B. NEB pointed out that the question is indeterminate, noting the phrase "individual speaks" in a book could mean the authorial voice as much as anything. Easing up just a bit, he suggested that within the convention of quoted speech authorially attributed to story-characters, the answer should be the collective hobbit-folk in their colloquial reference to Men: "...they were, as a rule, shy of 'the Big Folk', as they call us,..." (Book I, Prologue, 1.Concerning Hobbits, p. 10, line 21.)

Dismayed, INDIGO ISTARI revised his question: Which character speaks first in the text?

C. NEB proposed Bilbo's unquoted speech conveyed by the narrator's wordchoice: "When Mr. Bilbo Baggins of Bag End announced that he would shortly be..." (Book I, Chapter 1, p. 29, line1.)

D. I decided that "first" might mean first within the ongoing narrative established by the opening line, rather than dialog retold in flashback, and proposed the Gaffer: "A very nice well-spoken gentlehobbit is Mr. Bilbo..." (Book I, Chapter 1, p. 30, line 21.)

E. a.s. proposed the local hobbits of Bilbo's acquaintance: "It will have to be paid for," (Book I, Chapter 1, p. 29, line 17.)

You objected to my (D.) story-chronological construction, saying, "But the question, even as revised in response to N.E.B., was not which individual speaks first in the story, but which individual speaks first in the text."

So how to accomodate your objection? The question seems to come down to the meaning of four of INDIGO ISTARI's words: 1. "character"; 2. "speaks"; 3. "first"; and 4. "text".

2. Take "speaks" to mean quoted speech. That eliminates (C.) NEB's Bilbo making his party announcement.

1. Take "character" to mean an individual. That eliminates (E.) a.s.'s local hobbits, as well as NEB's (B.) hobbit folk (and a later similar usage, "...peculiar custom, or 'art' as the Hobbits preferred to call it.").

3. But "first" and "text" are interrelated, and still are not clear. If we take "first" at least to mean first in word, line, page order from the beginning of the book, that at least eliminates NEB's thorny problem of speech in the appendices or later flashbacks that is reported to have been spoken before the events we encounter when beginning to read the book. That definition also eliminates (D.) my clever distinction about when the story begins versus when the text begins.

But when does the "text" begin? NEB opened the question of the Prologue, which many people read before beginning Book I, Chapter 1. That Tolkien intended them to do so, and that the Prologue is written in the same authorial voice as the first chapter, is debatable (in the Prologue, Tolkien is writing as the "editor/translator" of the Red Book, but in Chapter 1 as through the rest of the book, he writes in a traditional authorial voice, though at times in his life he feigned to be writing as the transparent translator of some unnamed hobbit "narrator" or "writer" of the Red Book). Nevertheless, as I said, many readers regard the Prologue as part of the text of The Lord of the Rings, if for no other reason than that it is there, after the "Table of Contents", and not placed in the Appendices - and very few readers distinguish (as even Tolkien only occasionally does), between the "editor/translator" and "authorial/hobbit-narrator" mode.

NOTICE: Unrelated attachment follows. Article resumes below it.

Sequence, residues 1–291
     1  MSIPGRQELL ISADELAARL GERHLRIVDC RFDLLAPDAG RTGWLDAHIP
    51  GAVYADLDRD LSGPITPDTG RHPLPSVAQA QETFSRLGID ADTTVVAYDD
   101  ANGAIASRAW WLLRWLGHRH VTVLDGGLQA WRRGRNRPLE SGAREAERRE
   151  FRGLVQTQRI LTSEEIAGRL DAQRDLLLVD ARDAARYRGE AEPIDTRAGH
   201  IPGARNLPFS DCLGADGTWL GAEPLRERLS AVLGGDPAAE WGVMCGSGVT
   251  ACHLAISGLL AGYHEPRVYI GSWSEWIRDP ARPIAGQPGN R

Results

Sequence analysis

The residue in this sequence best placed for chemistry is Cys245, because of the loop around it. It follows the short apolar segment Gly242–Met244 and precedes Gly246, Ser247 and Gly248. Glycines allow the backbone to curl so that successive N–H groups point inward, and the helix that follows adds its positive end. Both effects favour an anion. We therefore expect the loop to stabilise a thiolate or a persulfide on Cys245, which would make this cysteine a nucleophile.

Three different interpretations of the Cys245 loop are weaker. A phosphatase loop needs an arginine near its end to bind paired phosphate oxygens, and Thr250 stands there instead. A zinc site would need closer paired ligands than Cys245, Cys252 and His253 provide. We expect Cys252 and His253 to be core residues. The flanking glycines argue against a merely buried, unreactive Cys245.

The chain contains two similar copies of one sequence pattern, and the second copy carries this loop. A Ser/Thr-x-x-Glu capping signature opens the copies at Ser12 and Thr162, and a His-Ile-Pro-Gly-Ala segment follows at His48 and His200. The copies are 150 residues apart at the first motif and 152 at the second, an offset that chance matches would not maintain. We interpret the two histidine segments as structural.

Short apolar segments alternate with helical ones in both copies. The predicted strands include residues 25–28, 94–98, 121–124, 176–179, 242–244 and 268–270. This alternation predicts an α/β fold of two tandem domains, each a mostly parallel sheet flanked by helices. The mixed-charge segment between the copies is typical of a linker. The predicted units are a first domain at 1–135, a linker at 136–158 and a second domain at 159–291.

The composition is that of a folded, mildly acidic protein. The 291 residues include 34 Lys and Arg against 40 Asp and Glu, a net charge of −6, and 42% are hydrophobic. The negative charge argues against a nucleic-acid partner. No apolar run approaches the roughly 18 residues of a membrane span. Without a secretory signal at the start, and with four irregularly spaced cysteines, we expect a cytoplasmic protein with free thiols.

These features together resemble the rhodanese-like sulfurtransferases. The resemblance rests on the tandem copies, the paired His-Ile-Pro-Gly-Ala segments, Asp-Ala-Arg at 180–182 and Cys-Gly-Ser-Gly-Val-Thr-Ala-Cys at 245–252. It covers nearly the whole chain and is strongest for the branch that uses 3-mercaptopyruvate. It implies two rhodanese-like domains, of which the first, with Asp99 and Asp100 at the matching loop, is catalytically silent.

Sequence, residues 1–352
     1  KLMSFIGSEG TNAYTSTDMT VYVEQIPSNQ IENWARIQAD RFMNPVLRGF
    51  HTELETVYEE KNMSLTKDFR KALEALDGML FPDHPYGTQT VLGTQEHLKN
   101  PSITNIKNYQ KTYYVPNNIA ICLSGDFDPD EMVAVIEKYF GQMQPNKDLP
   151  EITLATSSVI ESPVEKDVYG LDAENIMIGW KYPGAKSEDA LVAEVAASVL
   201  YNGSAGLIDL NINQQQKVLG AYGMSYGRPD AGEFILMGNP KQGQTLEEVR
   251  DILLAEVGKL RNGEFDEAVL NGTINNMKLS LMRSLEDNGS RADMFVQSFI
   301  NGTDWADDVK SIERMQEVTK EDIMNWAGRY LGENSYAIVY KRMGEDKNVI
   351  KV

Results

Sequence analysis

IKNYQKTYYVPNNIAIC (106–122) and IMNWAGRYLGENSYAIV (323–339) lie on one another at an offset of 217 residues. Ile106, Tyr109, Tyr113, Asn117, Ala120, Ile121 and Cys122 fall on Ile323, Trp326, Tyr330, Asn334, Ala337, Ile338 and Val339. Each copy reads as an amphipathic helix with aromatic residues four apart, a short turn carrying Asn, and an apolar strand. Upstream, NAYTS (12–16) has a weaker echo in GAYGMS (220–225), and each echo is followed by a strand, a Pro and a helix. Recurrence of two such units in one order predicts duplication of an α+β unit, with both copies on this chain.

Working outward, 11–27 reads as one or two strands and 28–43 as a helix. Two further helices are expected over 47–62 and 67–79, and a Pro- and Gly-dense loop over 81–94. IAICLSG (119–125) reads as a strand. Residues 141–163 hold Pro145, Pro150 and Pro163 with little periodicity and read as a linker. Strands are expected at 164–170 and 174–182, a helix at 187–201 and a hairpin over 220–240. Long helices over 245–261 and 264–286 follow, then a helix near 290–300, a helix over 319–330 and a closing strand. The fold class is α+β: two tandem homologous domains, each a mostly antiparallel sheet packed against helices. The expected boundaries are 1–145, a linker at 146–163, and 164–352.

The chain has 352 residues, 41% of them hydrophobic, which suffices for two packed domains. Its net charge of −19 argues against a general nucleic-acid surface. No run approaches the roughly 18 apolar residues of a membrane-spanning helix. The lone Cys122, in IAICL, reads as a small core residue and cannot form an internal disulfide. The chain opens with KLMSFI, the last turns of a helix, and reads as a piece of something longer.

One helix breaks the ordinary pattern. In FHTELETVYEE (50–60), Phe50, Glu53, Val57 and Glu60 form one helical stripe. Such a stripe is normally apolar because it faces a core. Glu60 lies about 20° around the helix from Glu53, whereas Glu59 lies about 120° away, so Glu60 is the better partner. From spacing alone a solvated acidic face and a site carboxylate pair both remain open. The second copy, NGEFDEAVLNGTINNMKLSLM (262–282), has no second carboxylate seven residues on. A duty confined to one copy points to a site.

4A. Take "text" to mean the story as it begins in Book I, Chapter 1. Your (A.) seems the soundest answer, by the reasoning above.

4B. But take "text" to include the Prologue, and we have a dark horse: Merry, as quoted in his Herblore of the Shire:

F. "'This,' he says, 'is the one art that we can certainly claim to be our own invention.'" (Prologue, 2. Concerning Pipeweed, p. 17, line 15.)

To be fair to INDIGO ISTARI, I admit that although Tolkien uses "says" here, he is quoting from Merry's writings, not Merry's speech (though we can imagine Merry speaking these words in a lecture -- to King Theoden, say, as is the actual case in fact of composition -- that was only later written down in his imagined scholarly monograph. The hobbit-writer's voice is remarkably colloquial for a book.) And there is the probable objection that INDIGO ISTARI just was not thinking of the Prologue when he used such unfortunately vague terms as "The Lord of the Rings", later emended to "text".

Which leaves you the clear winner with the first answer (A.):

A. Curious: Bilbo (Book I, Chapter 1, p. 29, line 30.): "You had better come and live here, Frodo..."

Nice going, as always!


Now, with that presumably settled, why does INDIGO ISTARI "find Tolkien's choice for this privilege very interesting."? How much of a privilege is it, after we have seen just how difficult it is for us to say that a reader (just reading along) would recognize this as the "first speech" of the book?




squire online:
RR Discussions: The Valaquenta, A Shortcut to Mushrooms, and Of Herbs and Stewed Rabbit
Footeramas: The 3rd TORn Reading Room LotR Discussion; and "Tolkien would have LOVED it!"
squiretalk introduces the J.R.R. Tolkien Encyclopedia: A Reader's Diary


Istar Indigo
Bree

May 22 2007, 1:12pm

Post #19 of 108 (315 views)
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Close to my line of thinking [In reply to] Can't Post